Anti-War Activist Proudly Pleads Guilty To ‘Disturbing’ US War Criminal General Petraeus

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Judge Kim Schaefer asked the defendant if she had created a disturbance that day. Van Poolen proudly said, “Yes, I stood up and spoke in front of several hundred people, and I said, ‘General David Petraeus you are a war criminal responsible for the deaths of thousands of innocent men, women and children. I am a graduate of Calvin College and a follower of Jesus Christ and I am here to speak out.’” Judge Schaefer interrupted and asked what the effect was. Van Poolen responded, “Petraeus stopped speaking and then two men brought me outside.” Next Van Poolen’s lawyer David LeGrande spoke in her defense, saying, “It was an intentional act of civil disobedience. The tradition sees it as appropriate to break laws and deal with the consequences…to right injustice.” . . . Van Poolen responded, “I was practicing free speech in a non-violent way. I did so with the sincere belief that, to call attention to the outrageous and immoral acts of U.S. leaders, civil disobedience is required. I hope my actions followed in the footsteps of other great and inspiring leaders.”

CODE PINK Mocks Egyptian Dictator Sisi Outside Of US Chamber Of Commerce

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The Egyptian military government is one that US corporations should not do business with: “No more business as usual.” That was the message of a CODE PINK protest inside and outside of the US Chamber of Commerce when the Egyptian Finance Minister, Hany Kadry Dimian, was speaking. CODE PINK described the Egyptian government as the “Egyptian Junta” and expressed their solidarity with Egyptian people who want real democracy not a military dictatorship. Since the military took over in July 2013 over 2,000 people have been killed who have protested the government; and 16,000 protesters have been imprisoned. Outside the Chamber of Commerce CODE PINK mocked General Sisi, the dictator of Egypt, who recently resigned his position in the military to run for president in an election that very few will be legitimate. CODE PINK has started a twitter handle for the election of Sisi: #VoteForThePimp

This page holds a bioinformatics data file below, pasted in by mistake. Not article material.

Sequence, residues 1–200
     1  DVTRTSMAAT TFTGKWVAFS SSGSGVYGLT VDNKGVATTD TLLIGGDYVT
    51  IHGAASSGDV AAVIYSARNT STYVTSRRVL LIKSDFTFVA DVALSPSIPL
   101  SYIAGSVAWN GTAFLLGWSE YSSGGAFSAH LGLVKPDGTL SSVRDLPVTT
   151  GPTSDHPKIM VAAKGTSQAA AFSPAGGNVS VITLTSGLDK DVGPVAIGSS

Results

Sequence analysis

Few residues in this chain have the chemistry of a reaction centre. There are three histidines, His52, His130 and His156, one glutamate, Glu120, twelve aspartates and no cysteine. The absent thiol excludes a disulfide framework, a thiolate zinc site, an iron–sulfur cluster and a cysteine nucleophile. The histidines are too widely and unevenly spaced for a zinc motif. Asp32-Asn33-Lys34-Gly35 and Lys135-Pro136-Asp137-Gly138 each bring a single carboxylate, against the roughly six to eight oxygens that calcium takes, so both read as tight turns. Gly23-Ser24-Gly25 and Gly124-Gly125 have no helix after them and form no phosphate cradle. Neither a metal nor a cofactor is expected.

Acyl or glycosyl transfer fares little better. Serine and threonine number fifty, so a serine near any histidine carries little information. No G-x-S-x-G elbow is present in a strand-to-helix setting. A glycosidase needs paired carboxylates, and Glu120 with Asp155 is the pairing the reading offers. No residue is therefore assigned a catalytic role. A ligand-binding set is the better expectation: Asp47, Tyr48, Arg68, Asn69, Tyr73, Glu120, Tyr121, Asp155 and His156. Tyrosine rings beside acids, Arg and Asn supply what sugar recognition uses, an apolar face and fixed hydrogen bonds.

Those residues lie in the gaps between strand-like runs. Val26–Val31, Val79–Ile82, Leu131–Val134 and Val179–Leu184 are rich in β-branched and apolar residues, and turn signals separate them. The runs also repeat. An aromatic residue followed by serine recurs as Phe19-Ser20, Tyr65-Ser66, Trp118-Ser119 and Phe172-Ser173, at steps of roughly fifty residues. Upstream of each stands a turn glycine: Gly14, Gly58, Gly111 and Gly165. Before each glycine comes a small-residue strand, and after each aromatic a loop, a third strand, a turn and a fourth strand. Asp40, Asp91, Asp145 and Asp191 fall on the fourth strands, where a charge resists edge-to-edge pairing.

Our Walmart Delivers $7.8 Billion Tax Bill To Walmart


Walmart workers and taxpayers in Phoenix delivered a $7.8 billion tax bill to Rob Walton, Walmart Chairman, in reaction to the news that the country’s largest retailer and richest family received an estimated $7.8 billion in tax breaks and subsidies in 2013. A report released yesterday by Americans for Tax Fairness showed how Walmart and the Waltons dodged taxes, exploited loopholes and took advantage of taxpayer subsidies, while many of its workers were forced to rely on taxpayer-funded programs like food stamps and Medicaid. The taxpayers hand-delivered the bill to Walton’s home in Paradise Valley, outside Phoenix. “Like most Americans, I work hard, pay my taxes and play by the rules. Why can’t America’s richest family do the same?” said Venanzi Luna, a Walmart worker who undersigned the bill. “Our economy is out of balance and workers are struggling because people like the Waltons don’t pay their fair share.” Walmart made a $16 billion profit in 2013, and the six Walton heirs, who own more than 50 percent of Walmart shares, saw their wealth grow to $148.8 billion—more wealth than 49% of American families combined.